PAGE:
Given the number of people who travel New York’s roadways every day, it makes sense that the state’s roads require near-constant construction and upkeep. While road construction is an unavoidable reality in most modern urban areas, this does not make traveling through construction zones any safer for motorists and passengers. In fact, the number of people losing their lives in the nation’s work zones is climbing, shining a spotlight on just how dangerous these work zones often are.

According to the U.S. Department of Transportation’s Federal Highway Administration, the number of construction zone fatalities across the nation climbed 3% between 2016 and 2017. The number of total automotive fatalities across the country, however, decreased by 1.5%, highlighting the dangerous nature of these work zones. Just what is it about these areas of the roadway that make them so dangerous to navigate?

In some cases, it comes down to a simple issue of visibility. Construction equipment, signage and construction workers are just a few examples of the types of things that can block your view or prevent you from seeing clearly in a work zone. Changing traffic patterns, too, often cause confusion among motorists who typically travel in a particular manner, and this, too, makes work zones especially dangerous places to drive.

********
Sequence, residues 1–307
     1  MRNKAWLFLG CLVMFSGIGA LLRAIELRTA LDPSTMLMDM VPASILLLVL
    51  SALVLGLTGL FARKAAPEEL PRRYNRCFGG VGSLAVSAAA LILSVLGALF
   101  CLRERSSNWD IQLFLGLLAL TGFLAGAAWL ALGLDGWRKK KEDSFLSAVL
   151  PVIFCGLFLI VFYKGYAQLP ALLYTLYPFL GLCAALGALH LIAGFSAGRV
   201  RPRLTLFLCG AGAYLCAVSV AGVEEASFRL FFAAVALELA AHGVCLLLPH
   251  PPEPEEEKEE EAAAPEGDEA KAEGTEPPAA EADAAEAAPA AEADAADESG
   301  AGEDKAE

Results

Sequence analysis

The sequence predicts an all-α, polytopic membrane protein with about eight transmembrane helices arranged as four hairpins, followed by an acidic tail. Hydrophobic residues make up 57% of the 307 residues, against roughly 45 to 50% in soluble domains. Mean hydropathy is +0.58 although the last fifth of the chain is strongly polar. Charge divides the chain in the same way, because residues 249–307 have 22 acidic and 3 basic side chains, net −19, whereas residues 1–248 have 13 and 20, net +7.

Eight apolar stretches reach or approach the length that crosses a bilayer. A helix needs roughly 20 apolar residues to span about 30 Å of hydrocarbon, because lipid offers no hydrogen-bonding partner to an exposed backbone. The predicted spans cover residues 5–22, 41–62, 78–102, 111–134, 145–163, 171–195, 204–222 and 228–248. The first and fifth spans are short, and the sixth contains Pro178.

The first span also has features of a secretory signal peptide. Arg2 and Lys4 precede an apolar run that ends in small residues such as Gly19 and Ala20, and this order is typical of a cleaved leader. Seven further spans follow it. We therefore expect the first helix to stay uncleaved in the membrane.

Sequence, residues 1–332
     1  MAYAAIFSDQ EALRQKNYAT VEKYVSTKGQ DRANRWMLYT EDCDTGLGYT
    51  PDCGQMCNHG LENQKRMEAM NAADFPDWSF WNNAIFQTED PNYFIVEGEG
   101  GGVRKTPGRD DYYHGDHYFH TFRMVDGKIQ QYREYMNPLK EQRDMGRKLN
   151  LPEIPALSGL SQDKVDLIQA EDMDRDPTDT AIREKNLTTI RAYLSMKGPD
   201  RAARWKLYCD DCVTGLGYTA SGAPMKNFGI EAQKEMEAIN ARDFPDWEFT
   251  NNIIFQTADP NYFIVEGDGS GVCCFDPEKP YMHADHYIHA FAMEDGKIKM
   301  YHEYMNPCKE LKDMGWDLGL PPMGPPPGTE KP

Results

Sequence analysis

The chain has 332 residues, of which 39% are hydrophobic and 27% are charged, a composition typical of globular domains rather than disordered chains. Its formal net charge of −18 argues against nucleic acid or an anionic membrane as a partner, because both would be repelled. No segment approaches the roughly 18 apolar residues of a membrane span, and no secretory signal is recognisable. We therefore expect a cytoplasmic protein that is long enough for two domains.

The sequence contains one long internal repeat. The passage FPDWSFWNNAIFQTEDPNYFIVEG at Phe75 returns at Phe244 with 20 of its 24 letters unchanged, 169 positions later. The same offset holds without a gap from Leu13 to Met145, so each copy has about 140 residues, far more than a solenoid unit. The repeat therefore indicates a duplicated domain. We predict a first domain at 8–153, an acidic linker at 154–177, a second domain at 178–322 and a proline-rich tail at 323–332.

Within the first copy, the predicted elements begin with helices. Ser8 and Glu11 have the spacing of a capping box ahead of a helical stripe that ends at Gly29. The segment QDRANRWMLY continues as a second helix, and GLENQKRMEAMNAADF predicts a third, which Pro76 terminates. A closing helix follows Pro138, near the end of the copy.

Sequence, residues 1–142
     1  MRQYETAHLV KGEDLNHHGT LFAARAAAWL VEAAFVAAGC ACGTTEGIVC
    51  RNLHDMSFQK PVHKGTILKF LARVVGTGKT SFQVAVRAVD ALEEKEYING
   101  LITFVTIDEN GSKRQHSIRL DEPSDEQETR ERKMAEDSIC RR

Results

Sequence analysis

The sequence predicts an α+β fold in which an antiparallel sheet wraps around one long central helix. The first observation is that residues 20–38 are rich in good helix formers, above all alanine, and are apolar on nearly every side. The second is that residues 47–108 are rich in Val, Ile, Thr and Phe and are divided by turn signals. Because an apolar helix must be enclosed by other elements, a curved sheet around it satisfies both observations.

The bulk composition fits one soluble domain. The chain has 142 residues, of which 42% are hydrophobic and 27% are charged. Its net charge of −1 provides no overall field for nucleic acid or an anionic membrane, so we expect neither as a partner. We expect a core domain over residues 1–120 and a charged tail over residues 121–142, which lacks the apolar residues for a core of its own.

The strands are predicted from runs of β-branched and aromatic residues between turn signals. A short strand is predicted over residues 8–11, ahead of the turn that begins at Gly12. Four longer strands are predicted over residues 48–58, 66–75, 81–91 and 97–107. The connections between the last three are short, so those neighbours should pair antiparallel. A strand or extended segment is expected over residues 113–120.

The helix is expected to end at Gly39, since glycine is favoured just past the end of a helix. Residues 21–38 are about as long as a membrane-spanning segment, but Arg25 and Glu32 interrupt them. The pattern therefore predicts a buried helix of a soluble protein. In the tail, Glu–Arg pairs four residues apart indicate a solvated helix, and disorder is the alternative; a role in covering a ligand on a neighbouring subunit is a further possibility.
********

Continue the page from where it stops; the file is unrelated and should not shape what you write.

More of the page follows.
Speed, too, is a common contributing factor in fatal and nonfatal work zone car wrecks. In 2016, for example, speed was a factor in 194 of the nation’s work zone road deaths, while this figure climbed to 203 in 2017.

This copy about the dangers associated with driving in work zones is for informational purposes only and is not legal advice.

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